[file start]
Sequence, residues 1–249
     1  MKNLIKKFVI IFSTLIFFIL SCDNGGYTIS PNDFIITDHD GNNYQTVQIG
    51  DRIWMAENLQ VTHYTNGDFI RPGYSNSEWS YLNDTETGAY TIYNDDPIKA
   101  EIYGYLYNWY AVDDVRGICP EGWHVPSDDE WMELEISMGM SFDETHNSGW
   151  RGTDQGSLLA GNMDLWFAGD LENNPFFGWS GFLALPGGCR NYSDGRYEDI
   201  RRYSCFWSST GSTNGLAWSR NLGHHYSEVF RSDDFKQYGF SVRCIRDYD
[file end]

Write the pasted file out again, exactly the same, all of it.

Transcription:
Sequence, residues 1–249
     1  MKNLIKKFVI IFSTLIFFIL SCDNGGYTIS PNDFIITDHD GNNYQTVQIG
    51  DRIWMAENLQ VTHYTNGDFI RPGYSNSEWS YLNDTETGAY TIYNDDPIKA
   101  EIYGYLYNWY AVDDVRGICP EGWHVPSDDE WMELEISMGM SFDETHNSGW
   151  RGTDQGSLLA GNMDLWFAGD LENNPFFGWS GFLALPGGCR NYSDGRYEDI
   201  RRYSCFWSST GSTNGLAWSR NLGHHYSEVF RSDDFKQYGF SVRCIRDYD